True, at least one bona fide Hollywood royal rests peaceably in the Hamptons -- specifically, Gary Cooper, who is buried rather inconspicuously. If only the current wave of Hollywood émigrés were so considerate. Instead, every summer, as reliably as a plague of Gulfstream-powered locusts, the West Coast crowd have descended on the East End's once somnambulant hamlets, ready to chew up the picturesque scenery.
But wait. It's almost August, and some of the inmates are escaping the asylum. Georgica Pond inhabitant Steven Spielberg is away, flogging Saving Private Ryan. (Of course, if President Clinton stays at the compound during his fund-raising round-robin, you may be certain the director will put in an appearance.) Even the Hamptons' most famous houseguest, Barbra Streisand, hasn't appeared chez Donna Karan. Ample anecdotal evidence suggests that more moguls and movie stars are spending this summer in Montana or on the Mediterranean than in Malibu-on-the-Atlantic. The chances are considerably greater of a crash of Hollywood-hired yachts off the Isle of Capri than of Hollywood-guided shopping carts in an aisle at Dreesen's.
Which is not to say that the Hamptons are celebrity-deprived. Regulars Kevin Costner and Mira Sorvino have shown up, and non-regulars Kelsey Grammer and Eddie Murphy have been spotted. This is, after all, where Ron Perelman's houseguests have included Penny Marshall and Melanie Griffith, and where Alec Baldwin is still regarded as a bankable actor. Many in the studio smart set are hanging out with director Nora Ephron and her writer husband, Nick Pileggi, whose East Hampton retreat has quietly morphed into the address of choice for summer freeloaders.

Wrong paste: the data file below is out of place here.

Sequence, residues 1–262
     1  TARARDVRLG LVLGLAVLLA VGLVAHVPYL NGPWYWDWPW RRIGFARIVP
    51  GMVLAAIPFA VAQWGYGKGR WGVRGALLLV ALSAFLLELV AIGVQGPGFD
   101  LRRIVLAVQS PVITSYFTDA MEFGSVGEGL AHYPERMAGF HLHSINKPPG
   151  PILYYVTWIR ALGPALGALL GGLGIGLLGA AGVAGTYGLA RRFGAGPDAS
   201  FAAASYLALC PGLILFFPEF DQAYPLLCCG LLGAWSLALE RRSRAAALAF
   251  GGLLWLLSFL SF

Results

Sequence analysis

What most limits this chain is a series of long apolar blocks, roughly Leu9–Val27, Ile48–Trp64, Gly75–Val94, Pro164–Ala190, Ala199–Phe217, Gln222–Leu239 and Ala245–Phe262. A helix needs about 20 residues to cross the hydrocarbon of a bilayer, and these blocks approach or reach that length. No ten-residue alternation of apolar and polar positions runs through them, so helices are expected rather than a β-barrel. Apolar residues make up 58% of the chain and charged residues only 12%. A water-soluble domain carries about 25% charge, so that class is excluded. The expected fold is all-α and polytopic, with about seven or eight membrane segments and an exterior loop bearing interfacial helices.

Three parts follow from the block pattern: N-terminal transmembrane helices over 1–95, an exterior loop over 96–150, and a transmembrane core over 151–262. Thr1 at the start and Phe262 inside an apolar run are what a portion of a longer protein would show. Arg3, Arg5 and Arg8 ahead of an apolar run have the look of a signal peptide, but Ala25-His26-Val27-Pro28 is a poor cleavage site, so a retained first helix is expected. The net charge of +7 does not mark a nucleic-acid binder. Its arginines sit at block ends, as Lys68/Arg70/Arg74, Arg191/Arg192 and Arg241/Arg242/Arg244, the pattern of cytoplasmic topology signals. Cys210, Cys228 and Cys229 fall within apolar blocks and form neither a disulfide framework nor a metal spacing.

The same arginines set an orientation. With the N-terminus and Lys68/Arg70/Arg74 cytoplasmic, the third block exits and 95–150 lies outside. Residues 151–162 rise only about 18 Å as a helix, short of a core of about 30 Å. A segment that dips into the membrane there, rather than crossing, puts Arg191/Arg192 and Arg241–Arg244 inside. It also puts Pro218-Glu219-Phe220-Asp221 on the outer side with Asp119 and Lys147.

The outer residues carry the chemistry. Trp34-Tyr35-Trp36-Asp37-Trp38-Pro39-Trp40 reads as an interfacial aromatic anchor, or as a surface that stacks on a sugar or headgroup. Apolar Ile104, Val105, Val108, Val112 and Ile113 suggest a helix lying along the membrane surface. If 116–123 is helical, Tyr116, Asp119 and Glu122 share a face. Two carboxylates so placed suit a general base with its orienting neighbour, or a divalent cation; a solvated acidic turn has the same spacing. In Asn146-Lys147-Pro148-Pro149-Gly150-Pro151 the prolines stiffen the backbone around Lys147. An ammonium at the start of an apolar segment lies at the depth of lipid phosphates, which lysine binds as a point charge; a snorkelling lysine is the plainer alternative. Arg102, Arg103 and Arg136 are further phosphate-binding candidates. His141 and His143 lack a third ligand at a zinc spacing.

Steve Ross, the late Time Warner capo, bears most responsibility for the wave of arrivistes from Hollywood. It was Ross who introduced Spielberg to the charms of Georgica Pond, and Ross's wife, Courtney, who decorated "Quelle Barn," the director's home. With Ross gone and Courtney mostly out of sight, Spielberg and wife Kate Capshaw quickly became the Hamptons hosts with the best-known houseguests -- including Tom Hanks and Rita Wilson, Robin and Marsha Williams, and partners Jeffrey Katzenberg and David Geffen. (That is, when the crown couple is in residence.)
Hamptons fever among the Hollywood set crested in the summer of '95, when a slew of entertainers and executives sought to put a continent between themselves and several years of man-made and natural disasters of almost biblical proportions (riots, earthquakes, fires, mud slides, the $3.2 billion Sony write-off, Waterworld). That was the last time visitors could schedule trips for tax purposes to attend the cliquish HBO premiere party that was hosted by Michael Fuchs and organized to within an inch of its life by Peggy Siegal every August. (Time Warner fired Fuchs that November.) That same season, onetime 20th Century Fox owner Marvin Davis and wife Barbara rented the 45-acre Southampton estate that once belonged to Henry Ford II. Everyone thought they would upend the social order. Instead, they threw a few splashy parties, attended a few others -- and were outta there the next summer. The East End's quaint villages have at best a short-term cachet for most of the Industry.
Still, every summer, rumors fan out that La Streisand has finally bought a choice spread -- a surefire tactic for boosting real-estate prices. Now the nattering is, again, that Barbra has finally found her dream house. The location is supposedly so secret that even her unlisted phone is billed to an alias. Or maybe it's all just as much of a mirage as the ongoing belief that the Hamptons really still are Malibu East.